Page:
Female: 50.3%
ETHNIC : 
AREA CODE : 
POSTAL CODE : 
DIALING CODE : 056 (+35356)
WEBSITE :  www.kilkennycity.ie

Tourism in Kilkenny

Kilkenny, a city of around 26,000 people in Ireland’s “Sunny South East,” is located about 75 miles southwest of Dublin and serves as the county town of Co. Kilkenny. It is the smallest city in the Republic of Ireland in terms of population, and the River Nore divides it, with most attractions of importance on the western side of the river.

As Ireland’s Mediaeval Capital, it provides visitors with an exciting bustling nightlife, gorgeous streetscapes, excellent shopping, and a rich cultural legacy.

Kilkenny (Irish: Cill Chainnigh) is a prominent tourist resort in Ireland and a favourite weekend retreat for many Irish people. It is well-known for its dynamic nightlife and has grown in popularity in recent years. The city is also known as the Marble City, after the black polished limestone [‘marble’] that was mined near the city. The idea of a “Medieval Mile” has been implemented, which aims to include the bulk of the City’s renowned sites, bookended by the Castle and St Canice’s Cathedral. Plaques have been installed throughout the route to provide tourists with historical context for the major sights along the route.

Despite its modest population, it is considered an ancient city since it has a church and an antique royal charter dating from 1609. The residents get offended when the city is referred to as a “town.” Various arts and craft firms were established in what was formerly Kilkenny Castle’s stables in the mid 1960s. These may still be seen in different versions around the county, notably in Thomastown.

Three festivals are held in the city each year, attracting enormous numbers from all across Ireland. The Rhythm and Roots music event takes place at pubs and other venues across the city in May. The Cat Laughs comedy festival takes place throughout the June bank holiday weekend. The Kilkenny Arts Festival, second only to its Galway counterpart, takes place in August. The Castle and St Canice’s Cathedral are among the venues for this year’s event. The city center is flanked by two major tourist attractions. St Canice’s Cathedral is situated in Irishtown to the north, while Kilkenny Castle is located on the Parade at the other end. The city contains the country’s highest concentration of medieval churches. Indeed, on the occasion of the State’s acquisition of St Mary’s Hall, Ireland’s leading newspaper, The Irish Times, declared that “St Mary’s Hall is placed halfway down the path of Ireland’s most important medieval urban environment.” The coaches that line the Parade all year highlight Kilkenny’s reputation as a tourist destination.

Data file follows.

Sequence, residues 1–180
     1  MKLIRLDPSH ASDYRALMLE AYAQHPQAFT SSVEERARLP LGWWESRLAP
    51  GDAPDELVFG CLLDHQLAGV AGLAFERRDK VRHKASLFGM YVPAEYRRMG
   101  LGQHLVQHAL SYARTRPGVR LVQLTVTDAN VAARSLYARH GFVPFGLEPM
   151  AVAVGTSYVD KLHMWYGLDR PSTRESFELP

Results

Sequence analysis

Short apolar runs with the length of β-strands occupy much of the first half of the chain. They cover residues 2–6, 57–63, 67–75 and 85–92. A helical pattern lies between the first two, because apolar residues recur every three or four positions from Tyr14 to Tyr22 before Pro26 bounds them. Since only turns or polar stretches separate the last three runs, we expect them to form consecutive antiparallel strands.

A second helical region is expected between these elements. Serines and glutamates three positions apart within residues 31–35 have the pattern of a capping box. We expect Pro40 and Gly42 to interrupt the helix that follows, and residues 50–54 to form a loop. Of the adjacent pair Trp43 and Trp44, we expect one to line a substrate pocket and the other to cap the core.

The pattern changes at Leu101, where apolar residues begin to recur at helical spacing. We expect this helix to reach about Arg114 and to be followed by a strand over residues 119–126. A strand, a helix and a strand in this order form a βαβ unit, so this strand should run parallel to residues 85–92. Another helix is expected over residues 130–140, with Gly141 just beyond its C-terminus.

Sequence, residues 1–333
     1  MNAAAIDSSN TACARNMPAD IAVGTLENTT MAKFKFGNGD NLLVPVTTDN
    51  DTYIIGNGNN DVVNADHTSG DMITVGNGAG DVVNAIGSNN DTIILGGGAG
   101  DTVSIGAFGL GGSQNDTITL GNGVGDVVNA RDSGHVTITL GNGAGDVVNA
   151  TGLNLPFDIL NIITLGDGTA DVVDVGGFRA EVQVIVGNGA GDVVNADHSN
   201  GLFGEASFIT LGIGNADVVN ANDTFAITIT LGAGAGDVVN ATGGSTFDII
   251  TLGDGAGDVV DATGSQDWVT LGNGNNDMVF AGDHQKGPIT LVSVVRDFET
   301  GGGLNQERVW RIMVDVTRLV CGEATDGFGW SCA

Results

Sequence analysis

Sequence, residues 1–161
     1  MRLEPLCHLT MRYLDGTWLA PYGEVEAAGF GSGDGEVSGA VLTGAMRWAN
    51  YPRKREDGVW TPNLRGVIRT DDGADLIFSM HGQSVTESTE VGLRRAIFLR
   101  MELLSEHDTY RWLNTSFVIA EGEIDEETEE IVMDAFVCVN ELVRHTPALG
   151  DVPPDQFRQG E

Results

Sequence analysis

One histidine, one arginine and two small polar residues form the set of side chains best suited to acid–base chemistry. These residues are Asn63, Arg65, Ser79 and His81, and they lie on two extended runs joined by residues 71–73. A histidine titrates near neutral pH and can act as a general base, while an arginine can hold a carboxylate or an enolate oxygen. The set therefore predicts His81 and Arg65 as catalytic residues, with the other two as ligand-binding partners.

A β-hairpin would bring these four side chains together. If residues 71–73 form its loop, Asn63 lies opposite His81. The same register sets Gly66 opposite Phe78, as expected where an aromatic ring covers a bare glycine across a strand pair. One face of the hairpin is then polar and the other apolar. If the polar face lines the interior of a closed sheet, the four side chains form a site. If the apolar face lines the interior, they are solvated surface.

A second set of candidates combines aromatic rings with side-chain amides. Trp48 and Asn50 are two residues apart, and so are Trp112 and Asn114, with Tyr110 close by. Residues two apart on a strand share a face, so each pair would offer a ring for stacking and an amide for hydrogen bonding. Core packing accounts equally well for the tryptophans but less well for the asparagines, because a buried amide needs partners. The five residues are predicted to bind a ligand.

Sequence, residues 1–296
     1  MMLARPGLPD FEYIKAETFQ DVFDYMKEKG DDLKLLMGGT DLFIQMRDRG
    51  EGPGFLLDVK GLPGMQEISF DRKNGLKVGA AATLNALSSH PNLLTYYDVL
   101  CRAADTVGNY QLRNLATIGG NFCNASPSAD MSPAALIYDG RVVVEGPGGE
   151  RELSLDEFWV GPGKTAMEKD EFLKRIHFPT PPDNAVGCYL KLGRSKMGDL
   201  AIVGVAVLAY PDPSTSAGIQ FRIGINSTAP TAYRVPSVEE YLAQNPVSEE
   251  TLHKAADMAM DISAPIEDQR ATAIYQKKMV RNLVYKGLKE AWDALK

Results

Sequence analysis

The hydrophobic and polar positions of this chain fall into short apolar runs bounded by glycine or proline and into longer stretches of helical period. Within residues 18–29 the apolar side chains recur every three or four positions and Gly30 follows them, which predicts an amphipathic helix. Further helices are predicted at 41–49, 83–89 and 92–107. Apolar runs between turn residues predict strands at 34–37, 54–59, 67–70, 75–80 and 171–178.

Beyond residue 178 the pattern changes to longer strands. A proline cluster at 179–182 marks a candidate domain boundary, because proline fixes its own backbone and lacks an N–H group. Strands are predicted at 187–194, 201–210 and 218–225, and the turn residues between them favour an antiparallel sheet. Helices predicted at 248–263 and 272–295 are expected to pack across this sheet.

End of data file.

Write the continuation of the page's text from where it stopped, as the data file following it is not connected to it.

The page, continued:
The Parade’s lower end, from the Castle to the traffic signals at the start of High Street, has just been rebuilt. It has produced a delightful pedestrian zone and also allows for a lovely view of the Castle from High Street. It is now home to the city’s only public restrooms. The placement of tourist information boards across the front has reduced the aspect of this new basic construction. These are highly worth reading and will help you appreciate our ancient city. The tourist office, which is open all year, is located on Rose Inn Street at Shee Alms House. This is about a five-minute walk from the Castle.